Making home owners creditors under IBC may not solve the problem: View
The fundamental issue is that real estate project companies are NOT “going concerns” and will likely not attract investor interest.
The IBC process has been amended and included home owners as creditors with a seat on the creditors committee. This has come about due to the numerous cases in the NCR region with companies like Jaypee, Amrapali, Unitech, etc. not delivering and in financial difficulty.
However, there is a fundamental flaw in trying to resolve real estate projects through the IBC route. The IBC regulations have been designed for resolution and revival — the primary assumption being that the business is a going concern, and if run properly, will be a continuous cash flow generating entity.
The fundamental issue is that real estate project companies are NOT “going concerns” and will likely not attract investor interest, unless there are other assets in the same projects to exploit.
The project Special Purpose Vehicles (SPVs) in IBC are real estate projects with finite cash flows with finite costs. Consequently, in several of these cases, the cash inflows (i.e. sales) have been taken out of the company or misused. Someone else has to now step in to put in that cash.
In the absence of any further scope for profit and the costs yet to be incurred in that project (assumes no additional land to be exploited), no investor will be interested in performing this social service of completing the project.
A resolution plan may therefore require some sacrifice by creditors — which in this case means home owners too. Funnily in such cases a sacrifice by home owners would mean putting in more money to complete the project and giving up delay penalty, etc.
Home ownership is an emotional issue, and it would be extremely challenging to herd a large group of owners to a consensus in such a complex matter. In a country where two people are a party and three people are two parties, it is very likely that the cacophony of home owners will drown out any sensible solution in the creditors committee.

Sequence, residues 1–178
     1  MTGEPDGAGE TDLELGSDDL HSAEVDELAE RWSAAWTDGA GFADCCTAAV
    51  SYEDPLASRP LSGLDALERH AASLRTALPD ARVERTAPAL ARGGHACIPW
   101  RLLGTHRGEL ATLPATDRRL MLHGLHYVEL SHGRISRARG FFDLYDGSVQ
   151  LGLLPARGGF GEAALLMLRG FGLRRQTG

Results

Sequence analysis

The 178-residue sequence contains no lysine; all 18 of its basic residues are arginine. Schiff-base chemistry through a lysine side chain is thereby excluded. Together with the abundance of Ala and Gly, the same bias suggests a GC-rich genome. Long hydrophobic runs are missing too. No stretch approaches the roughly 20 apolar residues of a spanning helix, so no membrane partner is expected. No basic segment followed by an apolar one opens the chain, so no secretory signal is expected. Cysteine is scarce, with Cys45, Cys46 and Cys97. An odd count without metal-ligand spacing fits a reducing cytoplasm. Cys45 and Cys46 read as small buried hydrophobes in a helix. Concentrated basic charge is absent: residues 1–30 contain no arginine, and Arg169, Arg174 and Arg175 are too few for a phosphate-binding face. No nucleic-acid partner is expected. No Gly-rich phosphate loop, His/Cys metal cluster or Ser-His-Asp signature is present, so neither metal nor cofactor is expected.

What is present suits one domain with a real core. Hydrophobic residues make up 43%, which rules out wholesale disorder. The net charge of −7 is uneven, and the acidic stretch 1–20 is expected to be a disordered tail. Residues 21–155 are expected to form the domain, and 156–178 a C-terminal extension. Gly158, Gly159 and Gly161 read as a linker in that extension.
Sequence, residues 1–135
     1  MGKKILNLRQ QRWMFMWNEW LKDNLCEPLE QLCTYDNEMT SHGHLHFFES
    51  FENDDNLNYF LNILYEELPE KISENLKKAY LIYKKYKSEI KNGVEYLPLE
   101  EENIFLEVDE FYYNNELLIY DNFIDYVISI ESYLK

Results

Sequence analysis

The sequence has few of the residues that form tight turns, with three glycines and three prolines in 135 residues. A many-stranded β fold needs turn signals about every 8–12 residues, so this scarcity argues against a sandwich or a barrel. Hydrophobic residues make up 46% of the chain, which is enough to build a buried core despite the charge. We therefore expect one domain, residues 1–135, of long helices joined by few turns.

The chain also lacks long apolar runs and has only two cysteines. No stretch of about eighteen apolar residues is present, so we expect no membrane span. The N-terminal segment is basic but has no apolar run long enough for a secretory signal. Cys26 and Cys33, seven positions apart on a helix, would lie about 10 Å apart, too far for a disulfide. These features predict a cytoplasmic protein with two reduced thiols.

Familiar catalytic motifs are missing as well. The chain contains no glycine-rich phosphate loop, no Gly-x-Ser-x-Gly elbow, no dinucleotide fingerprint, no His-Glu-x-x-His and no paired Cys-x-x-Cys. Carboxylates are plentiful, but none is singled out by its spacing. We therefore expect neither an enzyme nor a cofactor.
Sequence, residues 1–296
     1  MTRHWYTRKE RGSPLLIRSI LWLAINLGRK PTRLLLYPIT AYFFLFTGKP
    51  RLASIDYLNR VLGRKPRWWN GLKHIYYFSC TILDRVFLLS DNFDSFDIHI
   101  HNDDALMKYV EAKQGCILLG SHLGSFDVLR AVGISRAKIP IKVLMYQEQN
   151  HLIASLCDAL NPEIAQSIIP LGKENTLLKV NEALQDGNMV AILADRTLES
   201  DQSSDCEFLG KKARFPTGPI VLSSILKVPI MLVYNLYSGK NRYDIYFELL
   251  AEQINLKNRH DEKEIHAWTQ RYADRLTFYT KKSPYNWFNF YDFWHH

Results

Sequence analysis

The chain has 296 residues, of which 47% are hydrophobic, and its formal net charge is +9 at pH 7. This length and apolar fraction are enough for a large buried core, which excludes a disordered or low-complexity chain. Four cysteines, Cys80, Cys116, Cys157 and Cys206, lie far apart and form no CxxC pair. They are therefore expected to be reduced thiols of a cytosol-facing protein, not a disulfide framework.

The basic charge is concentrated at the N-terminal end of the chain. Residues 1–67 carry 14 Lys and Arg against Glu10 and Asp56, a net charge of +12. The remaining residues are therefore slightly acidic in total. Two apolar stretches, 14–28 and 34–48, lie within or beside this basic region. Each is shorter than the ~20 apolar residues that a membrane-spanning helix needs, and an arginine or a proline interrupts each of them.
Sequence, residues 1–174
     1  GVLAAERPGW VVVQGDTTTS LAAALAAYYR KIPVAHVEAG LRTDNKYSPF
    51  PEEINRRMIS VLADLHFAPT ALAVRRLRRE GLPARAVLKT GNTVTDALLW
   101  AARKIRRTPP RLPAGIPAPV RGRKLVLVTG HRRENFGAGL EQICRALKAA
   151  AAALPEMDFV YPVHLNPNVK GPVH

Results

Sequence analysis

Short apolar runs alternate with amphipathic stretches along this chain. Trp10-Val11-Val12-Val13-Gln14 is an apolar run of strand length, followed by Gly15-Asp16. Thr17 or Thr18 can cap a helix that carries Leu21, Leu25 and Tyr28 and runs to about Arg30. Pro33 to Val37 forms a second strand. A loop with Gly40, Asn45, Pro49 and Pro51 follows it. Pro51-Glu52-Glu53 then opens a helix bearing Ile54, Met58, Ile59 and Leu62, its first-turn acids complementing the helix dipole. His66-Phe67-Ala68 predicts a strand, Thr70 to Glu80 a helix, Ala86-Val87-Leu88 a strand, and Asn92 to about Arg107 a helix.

The fallout of the admission of home owners as creditors on par with other lenders would deter lenders in providing debt to developers. Simply because their senior charge or collateral is immediately diluted the day the sales are started. The real estate industry is a big employer and has a multiplier effect on the economy. The industry has already been hit by several negatives and this deterrent for lenders is ill advised.
Therefore, the only option is for the Government (state and centre) to step in. Anecdotally, NBCCwas brought in the case of Amrapali and they have concluded that additional funds to complete the project have to come from some source a.k.a Government or home owners.
It would perhaps be prudent to have a rethink on the admission of such residential cases or on the role of home owners in the credit committee and resolving it though the IBC process. One suggestion would be that any case involving more than say 50 home owners or lenders claim of over Rs 100 crore must be dealt at the state RERA level and larger ones to be dealt under a special track in IBC.
It is feasible to mandate under law that the deficit in the project after accounting for say additional 8% of balance cost as contract management fee must be shared in the ratio of creditor’s value by home owners and lenders. That would settle the disharmony and get the homes delivered.
(The author is MD, Kotak Investment Advisors. Views expressed are personal)